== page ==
Professor Henrietta Onwuegbuzie of Lagos Business School claims, “Being purpose-driven helps companies grow faster and make more money.” But what exactly does it mean to be a purpose-driven business, and how can startups balance social impact and profit?
Why social impact is important
The 2018 Cone/Porter Novelli Purpose study discovered that 78% of American consumers believe businesses need to positively impact society.
The data from the Cone/Porter Novelli Purpose study reveals:
- Over 50% of millennials are willing to pay extra for environmentally friendly products
- 66% of survey participants would switch brands to support a cause
- 88% would buy from a social impact company
- Impact-driven brands have 79% customer loyalty
- Purpose beats low cost or high quality 62% of the time
In other words, incorporating social impact into the business equation drives profit, customer engagement and loyalty. Striking a balance between impact and profit helps businesses fund their operations and fulfill their long-term vision.
How businesses are responding to customer expectations
There are three main organizational approaches to social impact and profit:
- Corporate social responsibility (CSR)
- Social impact
Profit-focused companies can be highly profitable yet sometimes have devastating consequences on the environment, the local community and even their own workers’ health and well-being.
CSR companies support social causes by redirecting part of their profits back to society, implementing environmentally friendly policies and practices or developing community programs. However, the main business activity remains profit-focused.
Social impact companies consciously, systematically and sustainably serve or solve the needs of local or global communities. Their core business activities directly create positive social change. Unfortunately, lack of financial support, poor networking and marketing and unstable organizational structures often sink these organizations.
How to build a profitable impact-oriented business
Sustainability refers not only to environmental impact but also to the sustainability of the business itself. The more funding and profit a business can attract, the better the chance it will remain operational and, thus, maximize its social impact.
Start with identifying a cause you are passionate about. This is the area in which you want to create impact. Then, use your background and strengths combined with market validation to decide on the product/service you want to build. Here are all of the steps:
Define vision and mission
Select your approach
There are many possible approaches to problem solving and many products or services that can be built for each approach. A brainstorming session can be a good starting point.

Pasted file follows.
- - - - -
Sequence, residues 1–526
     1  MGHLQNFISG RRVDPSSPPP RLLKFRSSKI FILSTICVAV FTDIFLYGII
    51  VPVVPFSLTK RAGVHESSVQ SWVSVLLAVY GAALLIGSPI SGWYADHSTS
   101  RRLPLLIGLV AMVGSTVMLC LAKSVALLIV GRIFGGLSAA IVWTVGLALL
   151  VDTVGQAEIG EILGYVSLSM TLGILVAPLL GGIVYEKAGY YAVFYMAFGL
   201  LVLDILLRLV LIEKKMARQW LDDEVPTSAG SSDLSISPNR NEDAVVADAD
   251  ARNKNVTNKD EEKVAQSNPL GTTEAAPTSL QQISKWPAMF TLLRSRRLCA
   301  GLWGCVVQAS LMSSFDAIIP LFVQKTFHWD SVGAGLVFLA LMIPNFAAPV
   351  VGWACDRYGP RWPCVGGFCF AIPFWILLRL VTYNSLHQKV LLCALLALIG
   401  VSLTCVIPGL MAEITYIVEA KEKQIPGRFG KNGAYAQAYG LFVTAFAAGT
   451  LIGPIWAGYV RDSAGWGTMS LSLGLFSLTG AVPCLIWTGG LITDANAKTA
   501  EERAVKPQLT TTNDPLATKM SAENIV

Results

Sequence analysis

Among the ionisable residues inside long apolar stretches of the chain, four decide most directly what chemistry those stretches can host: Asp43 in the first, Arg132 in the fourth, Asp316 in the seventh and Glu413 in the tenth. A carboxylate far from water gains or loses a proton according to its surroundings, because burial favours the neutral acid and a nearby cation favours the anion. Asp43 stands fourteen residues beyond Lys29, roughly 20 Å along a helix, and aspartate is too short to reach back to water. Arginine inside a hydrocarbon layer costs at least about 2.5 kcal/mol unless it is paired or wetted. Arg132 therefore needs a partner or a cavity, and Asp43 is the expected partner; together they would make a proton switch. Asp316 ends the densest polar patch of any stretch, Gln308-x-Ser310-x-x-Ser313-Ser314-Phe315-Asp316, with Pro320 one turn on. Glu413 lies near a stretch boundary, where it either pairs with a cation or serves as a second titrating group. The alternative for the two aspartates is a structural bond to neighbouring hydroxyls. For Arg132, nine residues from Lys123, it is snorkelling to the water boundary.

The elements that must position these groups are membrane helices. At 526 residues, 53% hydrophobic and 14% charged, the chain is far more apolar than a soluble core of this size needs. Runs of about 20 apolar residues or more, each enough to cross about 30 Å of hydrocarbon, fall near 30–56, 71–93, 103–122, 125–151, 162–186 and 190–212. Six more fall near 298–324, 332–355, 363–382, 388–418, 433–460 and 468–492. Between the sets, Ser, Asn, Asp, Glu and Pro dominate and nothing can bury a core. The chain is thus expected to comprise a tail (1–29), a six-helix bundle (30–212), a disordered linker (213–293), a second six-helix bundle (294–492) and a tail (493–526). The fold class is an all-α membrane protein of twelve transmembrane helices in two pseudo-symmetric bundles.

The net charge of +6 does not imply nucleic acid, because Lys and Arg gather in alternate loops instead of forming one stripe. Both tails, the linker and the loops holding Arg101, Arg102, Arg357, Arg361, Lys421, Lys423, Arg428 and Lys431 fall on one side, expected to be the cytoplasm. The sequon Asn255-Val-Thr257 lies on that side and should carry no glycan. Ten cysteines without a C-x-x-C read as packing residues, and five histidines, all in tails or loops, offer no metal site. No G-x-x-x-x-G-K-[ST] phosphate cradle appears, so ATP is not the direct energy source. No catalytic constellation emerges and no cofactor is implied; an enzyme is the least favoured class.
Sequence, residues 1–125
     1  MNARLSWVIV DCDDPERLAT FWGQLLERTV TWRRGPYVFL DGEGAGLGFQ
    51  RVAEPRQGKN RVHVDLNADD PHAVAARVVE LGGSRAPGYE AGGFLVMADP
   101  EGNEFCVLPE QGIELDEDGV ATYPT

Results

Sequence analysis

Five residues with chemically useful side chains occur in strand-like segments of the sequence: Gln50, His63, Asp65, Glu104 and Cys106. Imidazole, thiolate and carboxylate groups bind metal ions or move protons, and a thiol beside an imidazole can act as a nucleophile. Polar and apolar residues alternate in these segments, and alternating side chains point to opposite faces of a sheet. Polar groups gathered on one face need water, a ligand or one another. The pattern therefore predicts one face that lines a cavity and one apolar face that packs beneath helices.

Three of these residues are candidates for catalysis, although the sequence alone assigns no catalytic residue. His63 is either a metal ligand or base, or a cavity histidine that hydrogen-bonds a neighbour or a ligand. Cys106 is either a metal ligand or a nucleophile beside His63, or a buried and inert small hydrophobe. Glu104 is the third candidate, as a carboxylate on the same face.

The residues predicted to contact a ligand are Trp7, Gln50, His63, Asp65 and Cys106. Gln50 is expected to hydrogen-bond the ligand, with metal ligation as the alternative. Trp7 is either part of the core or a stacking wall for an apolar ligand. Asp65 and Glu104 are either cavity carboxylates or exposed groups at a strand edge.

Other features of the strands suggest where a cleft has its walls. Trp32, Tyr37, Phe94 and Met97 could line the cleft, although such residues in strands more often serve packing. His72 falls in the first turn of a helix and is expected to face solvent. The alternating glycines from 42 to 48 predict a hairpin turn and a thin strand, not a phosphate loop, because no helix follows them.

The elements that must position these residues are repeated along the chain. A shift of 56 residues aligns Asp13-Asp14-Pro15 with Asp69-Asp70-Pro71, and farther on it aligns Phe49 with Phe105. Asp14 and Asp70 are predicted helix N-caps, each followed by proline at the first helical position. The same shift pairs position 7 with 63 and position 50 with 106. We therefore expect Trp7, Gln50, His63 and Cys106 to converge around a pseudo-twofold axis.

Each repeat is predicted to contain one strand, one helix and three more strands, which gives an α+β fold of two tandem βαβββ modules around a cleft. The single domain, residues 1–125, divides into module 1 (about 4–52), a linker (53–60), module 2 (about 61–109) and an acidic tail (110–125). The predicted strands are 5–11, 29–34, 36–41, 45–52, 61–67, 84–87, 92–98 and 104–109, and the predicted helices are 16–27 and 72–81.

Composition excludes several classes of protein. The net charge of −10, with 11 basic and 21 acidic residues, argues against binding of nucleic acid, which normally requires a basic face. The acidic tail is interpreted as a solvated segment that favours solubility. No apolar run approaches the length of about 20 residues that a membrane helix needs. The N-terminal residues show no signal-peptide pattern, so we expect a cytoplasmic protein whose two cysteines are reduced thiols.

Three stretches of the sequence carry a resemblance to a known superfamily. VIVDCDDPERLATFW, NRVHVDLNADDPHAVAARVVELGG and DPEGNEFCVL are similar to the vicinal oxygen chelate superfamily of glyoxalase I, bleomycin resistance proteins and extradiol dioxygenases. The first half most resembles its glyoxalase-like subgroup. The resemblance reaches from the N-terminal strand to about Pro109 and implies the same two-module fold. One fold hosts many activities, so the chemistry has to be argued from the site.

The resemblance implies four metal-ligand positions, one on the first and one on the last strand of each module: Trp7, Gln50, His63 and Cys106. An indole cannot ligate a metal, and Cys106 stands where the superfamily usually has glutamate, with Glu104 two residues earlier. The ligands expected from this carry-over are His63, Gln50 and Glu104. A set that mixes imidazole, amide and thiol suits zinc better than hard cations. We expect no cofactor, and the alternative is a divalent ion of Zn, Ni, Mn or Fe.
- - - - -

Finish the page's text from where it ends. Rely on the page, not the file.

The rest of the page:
Take the following as an example:
Select the best option for your company by considering your interests, abilities and expertise to deliver the corresponding product or service.
Lack of market demand is the reason behind 42% of startup failures. It is important not to stay attached to a specific product or solution. Instead, be loyal to your vision and the impact you set out to create. Then, choose the product or service that provides the biggest business potential.
Create a startup plan
Having just an idea, a piece of technology or a certain skill is not enough to start a business.
There are four main pillars of a (potentially) profitable business:
Without all four elements (product, market, operations, resources), the business will fail to achieve its ultimate vision.
Lead and engage
A quality product or service is only valuable if people know and care about it. Founders need to engage investors, customers, partners and employees and nurture those relationships. Social responsibility can play a significant role in engaging stakeholders and turning them into ambassadors for the company. Providing a stable environment for advancing social change can help build trust and improve brand reputation, which can ultimately increase profit.
Key takeaways on social impact and profit
Balancing social impact and profit is a challenging but important task for the organizations of the future. Customer expectations and market trends are clear, but current approaches still need fine-tuning.
Social impact can help drive engagement, but it doesn’t always translate into revenue, and it may not be enough to sustain a business. Profit-focused organizations, on the other hand, run the risk of alienating and losing customers to purpose-driven competitors.
Regardless of their size, sector or primary focus, companies will perform best if they combine a strong business case with a clear social impact element at their core. Striking the fine balance between profit and impact is the path to financial, environmental and social sustainability.
Originally published July 19, 2021.